Tina Hay Talks With The Penny Hoarder About Money and ‘Napkin Finance’
Many of us weren’t taught personal finance at school, and money wasn’t discussed at the dinner table.
We’ve developed our financial education by browsing articles online, reading books and through a lot of trial and error.
“There’s a big difference between those people who are educated and understand how they can make their money work for them versus the rest who never [had] the basic understanding and then [got] into debt and [paid] for their decisions later,” said Tina Hay, CEO of Napkin Finance.
The Penny Hoarder recently invited Hay to join us for a discussion about her book “Napkin Finance: Build Your Wealth in 30 Seconds or Less” and all things money-related. We hosted a live chat on Facebook where audience members were able to submit questions and hear from Hay directly.
The following is an abridged version of that conversation, edited for length and clarity.
The Penny Hoarder’s Q&A With Tina Hay of “Napkin Finance”
The Penny Hoarder: Can you tell us about Napkin Finance?
Tina Hay: Napkin Finance is a visual guide to money and finance. We help people understand complex topics in a simplified, more digestible way with snackable content — everything from Napkins (our branded infographics) to videos to articles, storyboards, charts and tables. We also add humor and some fun to the content to make it more engaging and interesting.
TPH: What role do visuals play in grasping financial concepts?
Hay: Visual learning is a classic concept. Mozart, DaVinci and Freud all used visual images and graphics to solve their biggest problems. Human beings are visual learners and they process images 60,000 times faster than they process text. Also, 90% of the information that we process to the brain is visual. The visual graphics and assets that we create have been really powerful because it makes the subject matter less intimidating and creates higher comprehension, better retention of the content and also enhanced retrieval.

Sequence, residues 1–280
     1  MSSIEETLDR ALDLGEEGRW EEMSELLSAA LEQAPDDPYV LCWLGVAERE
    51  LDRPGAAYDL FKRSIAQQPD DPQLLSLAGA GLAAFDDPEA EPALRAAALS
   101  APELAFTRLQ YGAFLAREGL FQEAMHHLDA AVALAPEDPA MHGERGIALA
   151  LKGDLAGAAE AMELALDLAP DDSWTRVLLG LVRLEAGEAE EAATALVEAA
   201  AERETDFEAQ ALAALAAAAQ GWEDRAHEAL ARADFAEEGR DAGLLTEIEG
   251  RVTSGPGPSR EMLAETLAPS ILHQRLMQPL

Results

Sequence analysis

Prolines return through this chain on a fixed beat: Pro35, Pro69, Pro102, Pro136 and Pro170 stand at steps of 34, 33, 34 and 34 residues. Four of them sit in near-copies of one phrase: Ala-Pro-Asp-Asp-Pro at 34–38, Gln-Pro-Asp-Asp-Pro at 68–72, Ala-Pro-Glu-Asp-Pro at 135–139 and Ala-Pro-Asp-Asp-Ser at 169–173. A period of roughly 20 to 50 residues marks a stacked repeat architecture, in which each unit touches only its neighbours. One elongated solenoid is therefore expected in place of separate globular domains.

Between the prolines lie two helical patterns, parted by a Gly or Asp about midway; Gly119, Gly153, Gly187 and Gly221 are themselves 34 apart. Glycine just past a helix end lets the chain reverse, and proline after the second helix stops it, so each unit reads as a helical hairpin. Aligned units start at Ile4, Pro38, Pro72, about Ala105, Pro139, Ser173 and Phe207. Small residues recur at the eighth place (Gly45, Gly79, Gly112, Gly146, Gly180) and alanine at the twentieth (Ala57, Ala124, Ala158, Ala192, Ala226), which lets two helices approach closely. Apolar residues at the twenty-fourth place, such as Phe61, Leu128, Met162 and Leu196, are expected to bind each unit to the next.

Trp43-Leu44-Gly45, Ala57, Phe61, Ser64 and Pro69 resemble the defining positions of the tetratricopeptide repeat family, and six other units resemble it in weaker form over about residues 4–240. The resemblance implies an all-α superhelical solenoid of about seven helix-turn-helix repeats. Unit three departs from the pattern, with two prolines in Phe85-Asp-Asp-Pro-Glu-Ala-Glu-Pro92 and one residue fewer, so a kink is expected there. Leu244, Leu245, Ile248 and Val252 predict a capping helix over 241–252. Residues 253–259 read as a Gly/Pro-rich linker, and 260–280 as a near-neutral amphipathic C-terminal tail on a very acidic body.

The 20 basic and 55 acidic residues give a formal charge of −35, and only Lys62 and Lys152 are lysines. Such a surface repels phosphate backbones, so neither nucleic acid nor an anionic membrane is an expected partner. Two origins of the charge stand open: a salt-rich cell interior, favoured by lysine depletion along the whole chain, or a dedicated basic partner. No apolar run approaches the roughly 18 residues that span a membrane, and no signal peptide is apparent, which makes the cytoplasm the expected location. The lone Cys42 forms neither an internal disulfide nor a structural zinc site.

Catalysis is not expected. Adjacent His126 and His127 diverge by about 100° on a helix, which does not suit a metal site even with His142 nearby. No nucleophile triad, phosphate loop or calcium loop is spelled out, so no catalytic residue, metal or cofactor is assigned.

TPH: Can you walk us through how you go about creating a Napkin?
Hay: We have a team that’s a mix of creatives and financial experts. We start with an article or blog and then we pull out the elements that are the most interesting or important to distill into a Napkin. The Napkin comes to life with our designers and then we create a video or other content based on that. At the end of the day, the ultimate test is: If you’re new to this topic, would you be able to look at this and understand the topic in 30 seconds or less?
Audience Question: How can I convince my young adult kids to start saving for retirement now?
Hay: One thing is to automate so a certain percentage is taken out from their allowance or income every month and transferred automatically into a retirement account. The second thing is to show the power of time and how money compounds. The most powerful asset people have when they’re young is time. It can be extremely powerful to see the impact of how much money can grow if people start saving and investing in their 20s versus their 30s and 40s.
Check out these tips on how to save for retirement in your 20s, 30s, 40s, 50s and 60s.
Audience Question: As a single parent going through the pandemic, how can you rebuild credit and rebuild savings successfully and effectively?